Fogarty, James F. (129th TDTB)

James F. Fogarty 1James F. Fogarty

Biography:  James Francis Fogarty was born on September 2, 1920, in Mckeesport, Pennsylvania. He was the son of James Martin Fogarty and Sarah Donuhue and moved with the family to Niles, Ohio, while he was still a child. He attended St. Stephen’s Grade School and later graduated from Niles McKinely High School. He worked as a bartender and for a steel manufacturer. His enlistment record lists his occupation as general office clerk.

On October 10, 1942, James married the former Gloria Scarnecchia, who had been born in Niles and was the daughter of Carmen and Mary Scarnecchia, The new couple would make their home in Niles.

Service Time:  James entered the service on April 24, 1943, and was sent to Camp Hood, Texas, where we believe he was assigned to Company B of the 129th Tank Destroyer Training Battalion. The Hood Panther from March of 1944, lists a J.F. Fogarty being promoted from Technician 5th Grade to Corporal. As the demand for TD replacements slowed, many soldiers were assigned elsewhere. James would serve in the 399th Infantry Regiment of the 100th Infantry Division, which shipped out from the New York port on October 6, 1944, arriving in Marseille, France, on the 20th.

The following information regarding the 100th Infantry Division was extracted from “World War II order Of Battle” by Shelby Stanton.

The Division first saw combat on November 1st, at St. Remy in the Vosges Mountains. They relieved the 45th Inf Div, and attacked on the 12th as the 397th and 399th crossed the Meurthe River at Baccarat to outflank Raon-l’Etape. The division defeated a German counterattack and advanced into Raon-l’Etape, which fell after the Quarry Strongpoint was captured.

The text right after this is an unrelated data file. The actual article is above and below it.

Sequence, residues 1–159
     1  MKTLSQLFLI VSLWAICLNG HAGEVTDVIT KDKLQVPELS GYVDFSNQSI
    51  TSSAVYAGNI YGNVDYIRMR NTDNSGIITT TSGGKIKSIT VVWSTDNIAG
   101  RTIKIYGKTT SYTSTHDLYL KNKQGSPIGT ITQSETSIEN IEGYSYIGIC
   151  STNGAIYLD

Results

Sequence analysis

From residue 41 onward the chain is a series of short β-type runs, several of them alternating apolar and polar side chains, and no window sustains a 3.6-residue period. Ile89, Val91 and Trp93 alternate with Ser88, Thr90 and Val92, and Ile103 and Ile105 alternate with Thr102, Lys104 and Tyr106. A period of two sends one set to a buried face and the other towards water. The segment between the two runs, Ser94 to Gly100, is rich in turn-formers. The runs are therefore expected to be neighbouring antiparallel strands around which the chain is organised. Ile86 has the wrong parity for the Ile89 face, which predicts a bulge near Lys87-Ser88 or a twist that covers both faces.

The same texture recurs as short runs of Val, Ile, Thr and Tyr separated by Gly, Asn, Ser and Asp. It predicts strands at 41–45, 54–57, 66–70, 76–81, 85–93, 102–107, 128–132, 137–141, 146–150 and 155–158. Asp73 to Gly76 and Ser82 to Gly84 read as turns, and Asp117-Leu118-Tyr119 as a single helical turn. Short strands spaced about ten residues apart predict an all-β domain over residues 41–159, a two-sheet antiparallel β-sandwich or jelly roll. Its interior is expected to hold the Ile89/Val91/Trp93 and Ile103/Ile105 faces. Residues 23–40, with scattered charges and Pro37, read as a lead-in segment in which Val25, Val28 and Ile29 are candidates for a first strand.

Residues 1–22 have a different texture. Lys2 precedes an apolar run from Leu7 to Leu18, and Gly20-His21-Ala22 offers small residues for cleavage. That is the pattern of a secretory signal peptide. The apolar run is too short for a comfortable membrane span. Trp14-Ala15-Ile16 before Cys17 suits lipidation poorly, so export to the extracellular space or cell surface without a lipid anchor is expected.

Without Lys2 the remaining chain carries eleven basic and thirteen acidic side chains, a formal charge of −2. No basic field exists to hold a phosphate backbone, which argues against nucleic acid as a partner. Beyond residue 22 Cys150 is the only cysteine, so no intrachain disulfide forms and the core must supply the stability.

The division took Moyonmoutier and St. Blaise in November but were stopped before relieving the 44th Inf Div. in the Saarebourg area. Portions held the Saverne Gap Bridgehead, while the rest of the division stopped briefly to recooperate. On December 3rd, they moved toward Bitche with fighting at Meisenthal, Mouterhouse, Lemberg and Reyersweiler by mid-month. Due to the German counteroffensive in the Ardennes and the German Norwind offensive which began in of January 1945, some loss of position was realized. They ultimately captured Bitche and reached the Rhine on the 24th. The 100th Div. would see additional fighting on its way to Stuttgart, which it reached, and was then was assigned to military government duty until the war ended.

The 399th took part in three campaigns including Rhineland, the Ardennes and Central Europe. Both the 1st and 3rd Battalions of the 399th received Presidential Unit Citations for their actions at Raon l’Etape, France and Fohlenberg, Germany, respectively. James would leave the service at the rank of Technical Sergeant. 

James returned to his work in the steel industry and helped part time at his in-law’s bar, The Belvedere. James and his wife would later purchase the business. The couple had a son Michael, born in 1943, while James was serving in the Army. They would have two more children, Jeananne born in 1947 and a son James, in 1950. In his spare time, James senior enjoyed bowling and golf. He was also a member of the Elks.

James passed away in January 27, 1975, and was buried in the Niles Union Cemetery in Niles, Ohio. I want to thank James’ son, Jim, for providing the main photo of his dad as well as the information. I also want to thank Rick Nelson and the American Legion for the use of the grave marker photo. The local American Legion Post places flags at the veterans’ graves where James is buried.

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